Archive for the ‘time management’ Category

catching up…

Saturday, May 11th, 2019

detail, Weathered Wood

I have lost all inspiration to make new work since Marion died…well actually before then.¬†The muse slowed down earlier this year. Immediately after her death I was occupied with returning files and quilts to her family, and then started in on my own to-do list, which had grown to mammoth proportions.

I received the shipment of catalogs for our exhibit Defining Moments: Stitched Perspectives on Becoming A Woman, and put that up on my website. The 48 pg catalog will also be available at exhibit venues.

Earlier in the year I had finished and blocked two hand-stitched pieces, so I bought gallery-wrap canvas and mounted those to the frame. I have gotten quite skilled at using the electric stapler and the Phillips screwdriver. What I found most frustrating is the available sizes of wrapped canvas.

Reflections of the Seine

The local art supply store had a generous 16″ x 16″, but no 14″ x 14″ which I really wanted for my stitched pieces of morning walks. So I went to the big box chain and they had neither 14″ nor 16″ squares but they had lots of 11″ x 14″ rectangles. So I came home and googled it and basically learned that 14″ x 14″ does not exist but if I want to custom order it, I can do so for a mere $85 each.

catalog cover, Defining Moments: Stitched Perspectives on Becoming A Woman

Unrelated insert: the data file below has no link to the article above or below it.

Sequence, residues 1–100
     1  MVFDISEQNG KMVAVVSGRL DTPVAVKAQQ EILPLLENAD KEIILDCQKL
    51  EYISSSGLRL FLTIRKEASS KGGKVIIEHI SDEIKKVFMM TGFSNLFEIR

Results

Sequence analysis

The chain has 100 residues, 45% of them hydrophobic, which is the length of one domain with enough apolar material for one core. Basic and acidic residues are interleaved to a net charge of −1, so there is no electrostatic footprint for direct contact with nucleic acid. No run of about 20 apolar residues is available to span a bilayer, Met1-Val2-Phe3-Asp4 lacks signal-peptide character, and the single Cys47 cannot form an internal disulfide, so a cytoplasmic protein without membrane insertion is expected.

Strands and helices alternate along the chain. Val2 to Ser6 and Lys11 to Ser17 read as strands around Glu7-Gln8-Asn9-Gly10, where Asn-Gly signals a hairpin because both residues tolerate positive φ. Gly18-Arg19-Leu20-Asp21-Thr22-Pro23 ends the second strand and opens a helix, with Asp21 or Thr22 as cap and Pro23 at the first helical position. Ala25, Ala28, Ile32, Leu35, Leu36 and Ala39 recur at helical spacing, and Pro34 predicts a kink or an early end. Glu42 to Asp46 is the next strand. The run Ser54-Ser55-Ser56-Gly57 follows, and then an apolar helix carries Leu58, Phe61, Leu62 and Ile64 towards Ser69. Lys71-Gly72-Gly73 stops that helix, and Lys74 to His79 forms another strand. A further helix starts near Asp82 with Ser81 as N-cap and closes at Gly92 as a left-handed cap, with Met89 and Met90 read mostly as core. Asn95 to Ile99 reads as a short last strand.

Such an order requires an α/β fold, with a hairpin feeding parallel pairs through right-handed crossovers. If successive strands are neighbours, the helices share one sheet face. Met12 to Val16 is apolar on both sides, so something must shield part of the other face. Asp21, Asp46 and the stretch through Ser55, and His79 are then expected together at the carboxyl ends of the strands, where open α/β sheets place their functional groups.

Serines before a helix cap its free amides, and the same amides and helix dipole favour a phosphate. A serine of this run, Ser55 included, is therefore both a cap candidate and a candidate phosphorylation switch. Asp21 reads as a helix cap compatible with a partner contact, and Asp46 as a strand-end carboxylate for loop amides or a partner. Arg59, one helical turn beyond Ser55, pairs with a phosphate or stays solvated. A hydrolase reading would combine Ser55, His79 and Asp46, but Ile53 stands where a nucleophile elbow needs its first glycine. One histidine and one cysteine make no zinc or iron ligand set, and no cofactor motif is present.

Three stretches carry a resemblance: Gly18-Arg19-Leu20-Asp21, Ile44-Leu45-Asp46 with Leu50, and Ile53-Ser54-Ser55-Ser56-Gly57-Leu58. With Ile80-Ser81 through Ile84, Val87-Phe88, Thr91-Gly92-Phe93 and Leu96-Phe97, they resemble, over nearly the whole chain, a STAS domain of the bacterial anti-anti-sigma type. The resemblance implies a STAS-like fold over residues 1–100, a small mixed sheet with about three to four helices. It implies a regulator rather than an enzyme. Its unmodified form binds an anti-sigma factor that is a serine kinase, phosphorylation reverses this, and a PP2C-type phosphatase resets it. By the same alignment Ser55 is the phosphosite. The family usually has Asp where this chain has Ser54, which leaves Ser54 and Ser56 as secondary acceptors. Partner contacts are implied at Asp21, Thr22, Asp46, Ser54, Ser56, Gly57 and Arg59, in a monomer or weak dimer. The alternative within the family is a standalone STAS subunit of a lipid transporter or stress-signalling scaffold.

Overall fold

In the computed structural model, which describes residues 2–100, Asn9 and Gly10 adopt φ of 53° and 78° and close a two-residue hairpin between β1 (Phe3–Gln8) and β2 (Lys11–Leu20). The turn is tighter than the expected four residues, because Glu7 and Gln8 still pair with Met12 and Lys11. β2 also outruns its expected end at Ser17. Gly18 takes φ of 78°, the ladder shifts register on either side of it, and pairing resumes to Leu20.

I suppose I could make my own, but I am at that age where time is far more important than money; but not so much so that I am going to pay $85 for a canvas gallery wrap! As if framing hand-stitched work is not straying far enough from my usual work, making frames for such is pushing it just too far, as far as I am concerned. I am trying to use up my supplies, not add a whole lot more. Just like I decided not to ferment my own veggies, I don’t need another hobby.

So I got these done, documented and up on my website. I have finished 5-6 entries for upcoming exhibits, need to prep a piece to ship this week, and continue to whittle down the list.

Then perhaps… I will be so moved (or not) as to actually start the new series, which has been researched and waiting in the wings for a year now.

 

with gratitude…

Thursday, April 25th, 2019

Tall Girlfriends, 36″ x 29″, 2017, by Marion Coleman

Yesterday my dear friend Marion Coleman died. While I have known the end was near for months, I have been unable to articulate my sorrow until now. Marion was my fourth close friend to fight and lose the vicious battle, that is cancer. The one thing I have learned, other than cancer sucks, is how important it is to gather the goodness each one brought into my life, and to cherish it. By carrying their richness, they live on, in my heart.

I met Marion in 2003 at a SAQA regional meeting. It was the first meeting for both of us, and in Sacramento which means we both had made an effort to be there. I thought to myself, who is that exquisite tall black woman?! She shared later she had spotted me that same day. I continued my observation for about a year, until I asked her to mentor me on my Tall Girl project. I knew it was going to be a difficult story to tell, and that I might need someone to prod me, and had witnessed her to be an articulate, smart, gifted, get-things-done woman!

She asked me to write a business plan to define my goals for the project. She was the calm voice of reason when I needed it; and instrumental in my finding the way through the jungle of my repressed stories. She encouraged me by saying how much my story would help others, and challenging me to always aim higher. As a result I was able to secure six venues for the exhibit, including the National Quilt Museum. We talked then about doing a collaborative project of our own. We, women of two very different worlds had a lot of similarities which needed airing and sharing. It is our job as elders to tell these stories she would say.